The prospect of Jim Carrey as a guy substituting for a vacationing God might thrill his fans and send tremors into the hearts of his detractors, but the reality of "Bruce Almighty" won't exactly rock anyone's world. Pic's theatrical horizon looks solid, but doesn't show signs of being a breakout summer hit.
The prospect of Jim Carrey as a guy substituting for a vacationing God might thrill his fans and send tremors into the hearts of his detractors, but the reality of “Bruce Almighty” won’t exactly rock anyone’s world. There’s remarkably little done with a premise snatched from high-concept heaven, adding yet another file to the growing cabinet of under-realized comedies. Carrey’s performance as an ambitious TV reporter challenging the Man Upstairs remains mostly on-track throughout, but lacks his characteristic ratio of comic fireballs. Pic’s theatrical horizon looks reliably solid, but doesn’t show signs of being a breakout summer hit.
The rematching of Carrey and director Tom Shadyac shows both of in a relatively subdued state, particularly from their younger, “Ace Ventura, Pet Detective” days. With both having ventured unsuccessfully into pure drama just prior to this project (“The Majestic” for Carrey, “Dragonfly” for Shadyac), the joint return to comedy would have seemed like an elixir. Instead of rejuvenation, though, “Bruce Almighty” is the routine work of veterans.
As Bruce Nolan, funnyman reporter for a Buffalo TV station, Carrey has a chance to ham it up in front of two cameras at once. Bruce is frustrated because he believes he’s paid his dues, is “pushing 40,” and sees rival reporter Evan Baxter (“Daily Show” regular Steven Carell) as poised to beat him out for the nightly anchor position. He’s a worrywart to g.f. Grace’s (Jennifer Aniston) domesticating calm, and is convinced after Evan does snare the anchor job that God is out to get him — or worse, just ignores him and the mediocre life he shares with Grace.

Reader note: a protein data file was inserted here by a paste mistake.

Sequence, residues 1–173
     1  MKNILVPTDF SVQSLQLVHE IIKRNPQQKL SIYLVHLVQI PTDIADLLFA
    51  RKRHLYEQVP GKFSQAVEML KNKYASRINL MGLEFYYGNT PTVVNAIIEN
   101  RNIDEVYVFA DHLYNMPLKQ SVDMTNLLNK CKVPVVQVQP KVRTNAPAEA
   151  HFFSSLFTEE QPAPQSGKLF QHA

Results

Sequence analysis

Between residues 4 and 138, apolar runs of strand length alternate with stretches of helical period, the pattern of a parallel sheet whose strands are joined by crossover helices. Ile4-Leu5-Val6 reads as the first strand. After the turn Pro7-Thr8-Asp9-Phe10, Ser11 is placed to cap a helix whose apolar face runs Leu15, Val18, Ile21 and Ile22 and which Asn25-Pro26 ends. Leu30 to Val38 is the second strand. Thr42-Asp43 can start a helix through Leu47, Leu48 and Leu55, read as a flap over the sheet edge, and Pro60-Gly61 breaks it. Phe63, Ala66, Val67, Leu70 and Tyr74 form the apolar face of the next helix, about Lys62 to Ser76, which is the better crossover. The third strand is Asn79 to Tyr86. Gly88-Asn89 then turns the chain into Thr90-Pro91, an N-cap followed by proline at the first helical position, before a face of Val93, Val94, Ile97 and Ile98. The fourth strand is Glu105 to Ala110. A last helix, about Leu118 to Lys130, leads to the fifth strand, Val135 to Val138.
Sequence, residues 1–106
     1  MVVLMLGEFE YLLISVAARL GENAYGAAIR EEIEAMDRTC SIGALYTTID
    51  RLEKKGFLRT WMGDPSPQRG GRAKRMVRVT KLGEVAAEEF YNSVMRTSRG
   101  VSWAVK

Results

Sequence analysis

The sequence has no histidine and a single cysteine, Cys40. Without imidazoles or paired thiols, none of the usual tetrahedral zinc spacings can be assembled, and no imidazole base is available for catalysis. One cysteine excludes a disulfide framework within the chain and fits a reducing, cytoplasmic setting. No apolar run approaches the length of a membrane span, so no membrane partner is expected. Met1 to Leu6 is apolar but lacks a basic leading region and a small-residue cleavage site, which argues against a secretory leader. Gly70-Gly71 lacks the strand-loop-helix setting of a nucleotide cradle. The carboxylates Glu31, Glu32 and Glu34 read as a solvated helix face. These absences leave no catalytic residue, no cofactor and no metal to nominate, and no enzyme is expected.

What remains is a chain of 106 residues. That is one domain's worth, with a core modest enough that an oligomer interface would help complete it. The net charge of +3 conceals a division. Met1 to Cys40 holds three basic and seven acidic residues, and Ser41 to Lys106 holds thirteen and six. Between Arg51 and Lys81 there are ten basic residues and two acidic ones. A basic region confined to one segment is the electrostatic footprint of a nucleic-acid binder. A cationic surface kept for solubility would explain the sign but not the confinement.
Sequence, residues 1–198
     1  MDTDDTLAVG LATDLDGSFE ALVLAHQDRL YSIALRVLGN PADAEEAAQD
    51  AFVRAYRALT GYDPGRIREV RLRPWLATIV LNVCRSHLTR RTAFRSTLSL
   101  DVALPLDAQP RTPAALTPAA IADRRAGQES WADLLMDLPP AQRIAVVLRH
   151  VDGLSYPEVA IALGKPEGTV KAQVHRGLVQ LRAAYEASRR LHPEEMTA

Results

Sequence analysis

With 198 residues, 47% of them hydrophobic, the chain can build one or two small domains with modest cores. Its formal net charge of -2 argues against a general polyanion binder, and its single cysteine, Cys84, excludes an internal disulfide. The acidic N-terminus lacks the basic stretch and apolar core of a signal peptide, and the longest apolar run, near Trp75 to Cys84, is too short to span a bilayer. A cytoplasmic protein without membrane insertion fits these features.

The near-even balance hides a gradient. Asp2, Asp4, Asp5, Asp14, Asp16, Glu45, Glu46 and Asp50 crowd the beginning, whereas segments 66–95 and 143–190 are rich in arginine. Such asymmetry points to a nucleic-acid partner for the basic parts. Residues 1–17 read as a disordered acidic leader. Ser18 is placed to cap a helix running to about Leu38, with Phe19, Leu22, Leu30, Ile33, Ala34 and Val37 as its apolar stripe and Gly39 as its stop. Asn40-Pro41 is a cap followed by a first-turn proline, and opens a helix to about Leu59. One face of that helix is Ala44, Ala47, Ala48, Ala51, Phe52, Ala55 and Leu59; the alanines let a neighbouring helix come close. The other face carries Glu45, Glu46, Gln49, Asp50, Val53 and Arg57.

Shadyac works up a few visual jokes, such as a resilient pager by which God (Morgan Freeman, in his best ice cream suit) first contacts Bruce to set up a meeting, but little of it is either magical or uproarious. Some jokey images, such as a pun on the parting of the Red Sea, grab the imagination, while others, from an exploding file cabinet that contains God’s data on Bruce to Bruce’s nonhouse-trained pooch (a nod to “Ace Ventura”) appear disconnected.
Out to teach this egotistical human a lesson, God takes a holiday and allows Bruce to take over the reins for a while. Typically, Bruce performs supernatural acts to please only himself, resulting in amazing sex for Grace. But since she’s led to believe Bruce is about to propose to her, then crushed when she realizes his eyes remain solely on Evan’s job, she dumps him, leading to Bruce’s emotional downfall and the inevitable third-act messages regarding human goodness, which are at least less gooey than those in Shadyac’s “Patch Adams.”
The potential for Carrey as God to wreak comic havoc is not only kept under a tight rein, it remains inconsistently realized. Shadyac and writers Steve Koran and Mark O’Keefe (also credited with the story) along with Steve Oedekerk never work out the logic of the greater concept. When, for instance, Bruce uses his powers to bring the moon closer to the Earth for the right romantic touch, it seems to trigger only one natural disaster instead of the thousands that would surely happen. Yet, apparently, without filling in viewers on many of the offscreen calamities, the movie subsequently shows local doomsayers howling about the end of the world.
This unsure approach carries over to the cast, many of whom are underused. Grace is cornered into the position of merely reacting to Bruce, and Aniston can only stare and remain starkly unfunny. Freeman appears born in his suit and takes it on with cool gravitas, as does Philip Baker Hall as Bruce’s news director boss. Among supporter thesps, Carell has by far the prime laugh moments, while fellow comic Nora Dunn’s nearly invisible role must have been discarded in the cutting room.
The production gives Buffalo and environs (much of it backlot, with Niagara Falls locations) the sunny Chamber of Commerce treatment. Production designer Linda Descenna’s depiction of God’s office as a giant all-white warehouse is far more inspired than John Debney’s sleep-inducing music.